Get used to the new normal. It used to be you could be relatively confident that the weather starting on Mother’s Day would be warm enough for your tomatoes to happily grow in comfortable soil and mild night temperatures. Now, if we wait until the soil is actually warm enough for our tomatoes’ little toes, we’ll be planting them in July when it’s way too hot. It reminds me of something my grandmother used to say. She was born around 1900, and she said that weather was predictable until man went and walked on the moon. So it’s all man’s fault!

Harden off your transplants. This means the babies you bring home from the nursery are a little tender and need some TLC to protect them from hot sun, cool night temperatures, and blustery winds. If you can contain your enthusiasm for planting, let the plants sit outside in the shade for a few days and bring them in if the nights get below 55. This will toughen them up a little for when they actually have to go out and live in the cool, cruel world.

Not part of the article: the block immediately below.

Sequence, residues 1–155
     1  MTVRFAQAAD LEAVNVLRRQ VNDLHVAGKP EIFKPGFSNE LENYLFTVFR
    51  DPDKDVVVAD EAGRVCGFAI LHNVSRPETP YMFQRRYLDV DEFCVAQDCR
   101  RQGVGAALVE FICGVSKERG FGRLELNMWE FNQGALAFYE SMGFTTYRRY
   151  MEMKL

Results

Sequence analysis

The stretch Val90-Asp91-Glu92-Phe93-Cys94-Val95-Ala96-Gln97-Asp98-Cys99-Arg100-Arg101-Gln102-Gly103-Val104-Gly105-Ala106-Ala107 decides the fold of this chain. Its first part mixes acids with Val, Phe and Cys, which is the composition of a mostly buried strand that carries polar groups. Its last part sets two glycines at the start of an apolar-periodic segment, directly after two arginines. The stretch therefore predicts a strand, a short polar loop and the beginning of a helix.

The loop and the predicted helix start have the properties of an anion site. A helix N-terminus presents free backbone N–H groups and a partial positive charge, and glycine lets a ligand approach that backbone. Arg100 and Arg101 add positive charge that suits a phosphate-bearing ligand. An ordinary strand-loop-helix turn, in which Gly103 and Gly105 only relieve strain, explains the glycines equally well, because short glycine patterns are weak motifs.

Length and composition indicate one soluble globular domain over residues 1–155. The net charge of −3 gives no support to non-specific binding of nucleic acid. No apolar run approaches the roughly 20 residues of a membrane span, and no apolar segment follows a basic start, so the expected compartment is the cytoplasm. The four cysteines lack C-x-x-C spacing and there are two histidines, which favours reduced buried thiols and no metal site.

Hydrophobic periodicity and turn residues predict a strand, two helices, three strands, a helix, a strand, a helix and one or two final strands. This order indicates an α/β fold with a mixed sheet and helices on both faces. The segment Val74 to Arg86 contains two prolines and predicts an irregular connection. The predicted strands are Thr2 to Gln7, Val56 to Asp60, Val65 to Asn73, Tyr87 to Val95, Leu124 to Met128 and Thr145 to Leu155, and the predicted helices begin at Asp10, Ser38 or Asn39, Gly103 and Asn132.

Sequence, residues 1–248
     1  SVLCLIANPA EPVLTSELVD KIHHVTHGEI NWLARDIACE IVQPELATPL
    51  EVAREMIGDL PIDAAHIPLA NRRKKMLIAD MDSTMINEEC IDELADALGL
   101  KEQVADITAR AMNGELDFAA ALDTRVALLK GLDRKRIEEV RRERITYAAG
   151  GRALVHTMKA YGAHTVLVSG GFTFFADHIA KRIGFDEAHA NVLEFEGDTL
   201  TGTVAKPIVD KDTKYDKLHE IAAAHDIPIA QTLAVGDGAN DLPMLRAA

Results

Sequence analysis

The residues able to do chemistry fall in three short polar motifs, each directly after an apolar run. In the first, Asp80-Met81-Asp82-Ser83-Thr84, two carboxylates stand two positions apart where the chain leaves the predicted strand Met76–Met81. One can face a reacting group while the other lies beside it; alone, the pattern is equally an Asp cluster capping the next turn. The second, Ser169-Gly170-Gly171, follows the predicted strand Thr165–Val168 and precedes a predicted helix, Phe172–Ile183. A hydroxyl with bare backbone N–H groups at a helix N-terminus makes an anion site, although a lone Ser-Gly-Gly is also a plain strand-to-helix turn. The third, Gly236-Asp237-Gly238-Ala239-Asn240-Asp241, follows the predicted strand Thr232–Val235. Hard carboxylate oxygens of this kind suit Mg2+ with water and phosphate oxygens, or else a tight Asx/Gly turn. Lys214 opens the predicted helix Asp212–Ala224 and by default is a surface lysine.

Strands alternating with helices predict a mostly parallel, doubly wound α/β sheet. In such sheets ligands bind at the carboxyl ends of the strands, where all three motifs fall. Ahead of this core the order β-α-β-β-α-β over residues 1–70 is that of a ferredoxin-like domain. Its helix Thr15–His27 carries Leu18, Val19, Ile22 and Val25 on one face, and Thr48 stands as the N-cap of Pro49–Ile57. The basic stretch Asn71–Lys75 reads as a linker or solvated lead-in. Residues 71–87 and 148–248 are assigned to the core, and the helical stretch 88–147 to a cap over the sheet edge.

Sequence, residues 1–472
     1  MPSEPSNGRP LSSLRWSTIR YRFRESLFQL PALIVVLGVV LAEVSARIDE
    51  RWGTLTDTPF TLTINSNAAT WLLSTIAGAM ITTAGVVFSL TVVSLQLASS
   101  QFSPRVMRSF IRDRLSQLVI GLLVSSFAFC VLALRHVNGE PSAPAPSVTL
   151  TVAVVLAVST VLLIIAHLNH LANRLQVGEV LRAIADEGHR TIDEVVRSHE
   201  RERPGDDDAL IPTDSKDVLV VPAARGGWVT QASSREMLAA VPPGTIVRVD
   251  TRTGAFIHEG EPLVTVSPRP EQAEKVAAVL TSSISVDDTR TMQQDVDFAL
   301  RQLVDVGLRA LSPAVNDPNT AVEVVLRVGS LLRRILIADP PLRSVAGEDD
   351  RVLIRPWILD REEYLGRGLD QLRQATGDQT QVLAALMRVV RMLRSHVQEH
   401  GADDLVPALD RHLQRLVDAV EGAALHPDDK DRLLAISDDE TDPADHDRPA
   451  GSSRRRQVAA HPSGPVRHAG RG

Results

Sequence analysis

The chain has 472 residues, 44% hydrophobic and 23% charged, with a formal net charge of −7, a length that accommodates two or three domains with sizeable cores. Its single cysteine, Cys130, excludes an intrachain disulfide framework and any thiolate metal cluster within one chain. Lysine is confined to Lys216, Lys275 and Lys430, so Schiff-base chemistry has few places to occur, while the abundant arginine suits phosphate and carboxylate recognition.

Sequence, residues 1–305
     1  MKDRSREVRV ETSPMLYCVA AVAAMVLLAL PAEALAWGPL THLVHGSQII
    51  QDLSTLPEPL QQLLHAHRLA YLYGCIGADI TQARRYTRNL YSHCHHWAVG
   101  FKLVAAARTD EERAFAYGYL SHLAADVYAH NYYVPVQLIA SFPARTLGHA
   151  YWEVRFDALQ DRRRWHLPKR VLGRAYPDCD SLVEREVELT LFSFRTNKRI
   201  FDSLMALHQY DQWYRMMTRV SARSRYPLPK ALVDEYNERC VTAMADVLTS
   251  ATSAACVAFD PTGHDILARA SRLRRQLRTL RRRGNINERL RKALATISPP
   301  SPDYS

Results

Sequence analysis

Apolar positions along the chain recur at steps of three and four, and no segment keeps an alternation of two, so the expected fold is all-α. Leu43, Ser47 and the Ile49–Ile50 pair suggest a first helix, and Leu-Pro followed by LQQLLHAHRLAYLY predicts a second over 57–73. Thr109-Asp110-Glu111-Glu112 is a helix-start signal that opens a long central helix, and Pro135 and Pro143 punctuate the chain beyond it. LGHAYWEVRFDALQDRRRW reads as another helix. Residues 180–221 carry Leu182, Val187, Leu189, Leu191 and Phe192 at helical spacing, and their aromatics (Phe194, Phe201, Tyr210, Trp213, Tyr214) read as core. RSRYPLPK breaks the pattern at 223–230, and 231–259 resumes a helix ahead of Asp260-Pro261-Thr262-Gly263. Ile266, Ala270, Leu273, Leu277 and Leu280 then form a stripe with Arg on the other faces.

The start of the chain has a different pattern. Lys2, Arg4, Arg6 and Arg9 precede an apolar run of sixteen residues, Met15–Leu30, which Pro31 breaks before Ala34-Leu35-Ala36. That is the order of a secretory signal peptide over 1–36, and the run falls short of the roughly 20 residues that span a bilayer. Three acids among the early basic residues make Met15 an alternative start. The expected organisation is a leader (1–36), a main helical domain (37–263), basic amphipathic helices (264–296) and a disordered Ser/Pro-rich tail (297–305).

One time at Plant Camp… If you’re like me, you still have houseplants waiting indoors for the bus to Plant Camp. While all the other plants are outside alternately shivering or sweltering, these have been totally ignored (except for the ones the cat has been peeing in). Get everybody outside on a day when they can get a serious washing, and take the occasion to give your windowsills, tables and windows a good cleaning. Once all are acclimated, start positioning them around the yard to where they can make maximum impact and also be happy with their surroundings.

Sally McCabe is associate director of community education at the Pennsylvania Horticultural Society (phsonline.org) and winner of the AHS Great American Gardener Jane L. Taylor award.